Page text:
Obtaining a position as a professor at an esteemed university is, by modern standards, an impressive accomplishment in its own right. But imagine being awarded such a position in eighteenth-century Italy, at height of the Age of Enlightenment, when, as historian of science Paula Findlen describes, the industry of science was booming and scholars were clamoring for status and recognition. Imagine achieving this as a woman.
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Laura Maria Caterina Bassi did exactly this in December 1732, when the University of Bologna officially appointed her as a professor of natural philosophy, overlooking her biological sex in favor of her incredible talents as an academic. According to historian of science Alberto Elena, this was a deliberate attempt by the city of Bologna to increase its prestige and renown among the Italian city-states. He writes that the position “was awarded not at her [Bassi’s] request, but because the university authorities wanted to acknowledge her talent; it was also, perhaps, a way for the city of Bologna to advertise itself by promoting this illustrious daughter.”
Bassi was the daughter of the progressive and socially prominent lawyer Giuseppe Bassi and his wife, Maria Rosa Cesari. As a child, Bassi was a prodigy, and her extensive private education (an unusual but confident investment for the time period made by her doting father) culminated in an extensive curriculum of the “masculine” subjects of mathematics, Latin, metaphysics, and philosophy. She developed a particular interest in Isaac Newton’s theories of classical mechanics and would apply his inquisitive and independent spirit to her own work.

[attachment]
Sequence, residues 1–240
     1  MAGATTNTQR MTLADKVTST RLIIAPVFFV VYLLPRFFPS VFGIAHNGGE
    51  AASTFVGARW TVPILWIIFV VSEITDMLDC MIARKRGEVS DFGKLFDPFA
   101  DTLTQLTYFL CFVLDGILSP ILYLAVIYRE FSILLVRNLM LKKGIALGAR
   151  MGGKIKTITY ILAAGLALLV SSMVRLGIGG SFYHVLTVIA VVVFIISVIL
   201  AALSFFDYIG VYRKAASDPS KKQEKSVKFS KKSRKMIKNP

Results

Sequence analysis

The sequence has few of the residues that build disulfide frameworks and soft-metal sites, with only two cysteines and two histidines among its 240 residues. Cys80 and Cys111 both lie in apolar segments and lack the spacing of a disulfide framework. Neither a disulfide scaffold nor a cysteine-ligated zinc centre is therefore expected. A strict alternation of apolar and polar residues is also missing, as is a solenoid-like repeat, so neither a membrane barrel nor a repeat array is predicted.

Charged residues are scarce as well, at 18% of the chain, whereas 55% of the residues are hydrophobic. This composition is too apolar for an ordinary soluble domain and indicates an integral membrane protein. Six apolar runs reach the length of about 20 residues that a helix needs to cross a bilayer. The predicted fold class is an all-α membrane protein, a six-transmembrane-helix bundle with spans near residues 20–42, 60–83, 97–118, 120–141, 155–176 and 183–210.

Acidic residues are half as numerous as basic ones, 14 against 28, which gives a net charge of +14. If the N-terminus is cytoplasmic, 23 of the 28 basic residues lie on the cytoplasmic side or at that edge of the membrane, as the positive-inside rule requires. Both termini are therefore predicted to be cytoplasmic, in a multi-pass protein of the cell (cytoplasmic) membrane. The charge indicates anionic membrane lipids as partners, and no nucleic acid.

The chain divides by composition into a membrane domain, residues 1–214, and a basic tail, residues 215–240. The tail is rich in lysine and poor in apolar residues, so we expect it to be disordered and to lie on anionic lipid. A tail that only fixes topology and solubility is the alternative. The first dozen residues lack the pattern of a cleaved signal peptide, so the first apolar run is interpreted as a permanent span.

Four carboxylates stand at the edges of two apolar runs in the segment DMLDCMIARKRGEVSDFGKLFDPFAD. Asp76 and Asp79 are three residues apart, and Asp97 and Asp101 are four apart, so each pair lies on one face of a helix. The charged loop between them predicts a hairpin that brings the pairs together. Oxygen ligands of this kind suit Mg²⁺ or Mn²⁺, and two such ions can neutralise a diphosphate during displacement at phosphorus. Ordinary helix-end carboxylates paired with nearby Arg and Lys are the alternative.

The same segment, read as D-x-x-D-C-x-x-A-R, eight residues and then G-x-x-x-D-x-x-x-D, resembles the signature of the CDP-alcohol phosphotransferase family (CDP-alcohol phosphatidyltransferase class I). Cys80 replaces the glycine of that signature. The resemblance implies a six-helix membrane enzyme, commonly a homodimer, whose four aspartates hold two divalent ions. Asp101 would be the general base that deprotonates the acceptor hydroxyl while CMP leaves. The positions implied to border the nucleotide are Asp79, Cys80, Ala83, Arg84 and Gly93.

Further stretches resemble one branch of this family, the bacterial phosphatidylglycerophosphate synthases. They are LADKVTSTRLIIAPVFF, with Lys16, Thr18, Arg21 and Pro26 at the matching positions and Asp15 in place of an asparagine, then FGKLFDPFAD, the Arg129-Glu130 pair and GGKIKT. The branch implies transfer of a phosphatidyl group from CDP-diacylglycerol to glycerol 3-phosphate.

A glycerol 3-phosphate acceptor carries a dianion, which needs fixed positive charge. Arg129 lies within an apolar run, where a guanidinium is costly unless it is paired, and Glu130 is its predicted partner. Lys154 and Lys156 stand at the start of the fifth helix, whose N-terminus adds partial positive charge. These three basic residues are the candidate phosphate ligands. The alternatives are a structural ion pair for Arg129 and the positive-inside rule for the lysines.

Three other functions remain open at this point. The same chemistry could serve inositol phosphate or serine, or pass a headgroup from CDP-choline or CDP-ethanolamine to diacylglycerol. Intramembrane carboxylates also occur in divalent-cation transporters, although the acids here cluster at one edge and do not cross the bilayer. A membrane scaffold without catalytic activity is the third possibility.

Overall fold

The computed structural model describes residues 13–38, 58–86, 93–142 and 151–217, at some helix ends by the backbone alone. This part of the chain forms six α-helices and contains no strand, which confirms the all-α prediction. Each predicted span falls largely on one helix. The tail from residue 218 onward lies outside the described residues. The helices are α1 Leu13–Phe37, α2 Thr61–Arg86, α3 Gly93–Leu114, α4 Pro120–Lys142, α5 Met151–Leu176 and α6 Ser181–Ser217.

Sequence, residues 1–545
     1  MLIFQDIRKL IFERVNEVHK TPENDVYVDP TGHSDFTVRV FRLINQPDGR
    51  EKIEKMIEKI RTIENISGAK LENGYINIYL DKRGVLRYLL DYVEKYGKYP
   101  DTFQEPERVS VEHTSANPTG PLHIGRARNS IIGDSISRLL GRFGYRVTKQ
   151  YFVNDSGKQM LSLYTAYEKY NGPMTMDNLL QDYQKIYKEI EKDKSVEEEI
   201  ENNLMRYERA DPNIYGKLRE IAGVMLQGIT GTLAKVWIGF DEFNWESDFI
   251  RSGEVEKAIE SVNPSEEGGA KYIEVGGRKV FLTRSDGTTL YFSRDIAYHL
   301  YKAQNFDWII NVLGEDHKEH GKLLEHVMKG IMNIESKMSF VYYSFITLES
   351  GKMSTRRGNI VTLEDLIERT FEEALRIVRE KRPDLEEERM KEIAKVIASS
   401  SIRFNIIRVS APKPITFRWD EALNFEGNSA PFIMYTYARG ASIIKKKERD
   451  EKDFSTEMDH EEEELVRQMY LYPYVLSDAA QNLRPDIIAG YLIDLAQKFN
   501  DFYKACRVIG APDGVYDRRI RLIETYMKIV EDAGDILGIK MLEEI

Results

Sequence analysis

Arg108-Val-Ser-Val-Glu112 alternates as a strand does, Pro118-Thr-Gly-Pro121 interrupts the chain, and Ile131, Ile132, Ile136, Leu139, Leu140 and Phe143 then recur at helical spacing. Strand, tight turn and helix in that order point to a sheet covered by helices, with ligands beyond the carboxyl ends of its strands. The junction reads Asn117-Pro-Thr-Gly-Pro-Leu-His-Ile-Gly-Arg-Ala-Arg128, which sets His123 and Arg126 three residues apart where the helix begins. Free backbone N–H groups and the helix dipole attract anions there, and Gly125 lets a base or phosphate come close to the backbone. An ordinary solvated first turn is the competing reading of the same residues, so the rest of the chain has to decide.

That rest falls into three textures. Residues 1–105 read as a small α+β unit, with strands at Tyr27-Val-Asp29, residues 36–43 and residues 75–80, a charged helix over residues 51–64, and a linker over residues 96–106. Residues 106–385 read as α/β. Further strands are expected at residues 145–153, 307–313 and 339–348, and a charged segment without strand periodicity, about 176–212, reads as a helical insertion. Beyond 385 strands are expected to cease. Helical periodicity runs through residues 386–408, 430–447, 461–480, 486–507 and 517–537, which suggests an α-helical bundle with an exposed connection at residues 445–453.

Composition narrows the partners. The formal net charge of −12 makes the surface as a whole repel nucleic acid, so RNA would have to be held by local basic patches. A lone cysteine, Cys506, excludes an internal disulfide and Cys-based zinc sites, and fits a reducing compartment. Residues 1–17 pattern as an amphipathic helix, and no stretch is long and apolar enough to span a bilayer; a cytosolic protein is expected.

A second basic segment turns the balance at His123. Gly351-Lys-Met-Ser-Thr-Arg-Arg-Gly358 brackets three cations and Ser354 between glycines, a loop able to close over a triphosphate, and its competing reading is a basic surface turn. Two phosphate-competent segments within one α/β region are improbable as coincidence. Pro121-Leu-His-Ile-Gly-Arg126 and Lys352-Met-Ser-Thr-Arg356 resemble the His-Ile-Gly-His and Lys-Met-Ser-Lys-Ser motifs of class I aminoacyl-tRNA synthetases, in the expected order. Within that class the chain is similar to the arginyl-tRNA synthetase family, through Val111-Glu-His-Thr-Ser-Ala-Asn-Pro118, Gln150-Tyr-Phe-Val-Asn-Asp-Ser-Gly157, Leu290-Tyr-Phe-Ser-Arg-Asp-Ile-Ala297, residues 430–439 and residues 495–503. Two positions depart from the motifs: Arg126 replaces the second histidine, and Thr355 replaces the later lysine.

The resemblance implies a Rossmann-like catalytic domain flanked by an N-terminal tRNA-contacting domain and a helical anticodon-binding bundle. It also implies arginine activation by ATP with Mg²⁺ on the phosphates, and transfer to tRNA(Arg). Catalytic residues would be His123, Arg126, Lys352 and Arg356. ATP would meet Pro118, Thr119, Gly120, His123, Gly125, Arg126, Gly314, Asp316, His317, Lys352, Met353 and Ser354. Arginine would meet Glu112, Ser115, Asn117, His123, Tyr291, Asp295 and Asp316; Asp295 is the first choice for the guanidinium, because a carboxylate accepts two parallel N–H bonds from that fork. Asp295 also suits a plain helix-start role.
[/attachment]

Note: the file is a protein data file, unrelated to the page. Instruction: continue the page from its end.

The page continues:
Bassi married physician and professor Giovanni Giuseppe Veratti in 1738. The pair formed a formidable scientific partnership that could only be rivaled in history by that of Marie and Pierre Curie more than a century later. As historian Leigh Whaley writes, it was common in Enlightenment Italy for learned women to be involved in their husbands’ enterprises as networkers or assistants, but in the case of Bassi and Veratti, they operated on equal footing. Because she was a woman, Bassi was barred from exercising her full rights and responsibilities as a university professor; she could teach only occasionally at university, and these events were treated more like public spectacles than regular lectures. Bassi’s response, with her husband’s support, was to convert her own dwelling into a university. From their home in Bologna the pair taught private classes, hosted local and visiting scholars, and conducted daring experiments, most notably with the (then) exciting new discovery of electricity. “Bassi and Veratti spared no expense in acquiring the most up-to-date equipment for their domestic laboratory,” writes Findlen.
Bassi’s most impressive conquest of all may have been her appointment as the Chair of Experimental Physics at the Bologna Institute of Sciences at age sixty-five. Her husband allegedly didn’t mind being appointed only as her teaching assistant. Though Bassi would die two years later, in 1778, her legacy was secured.
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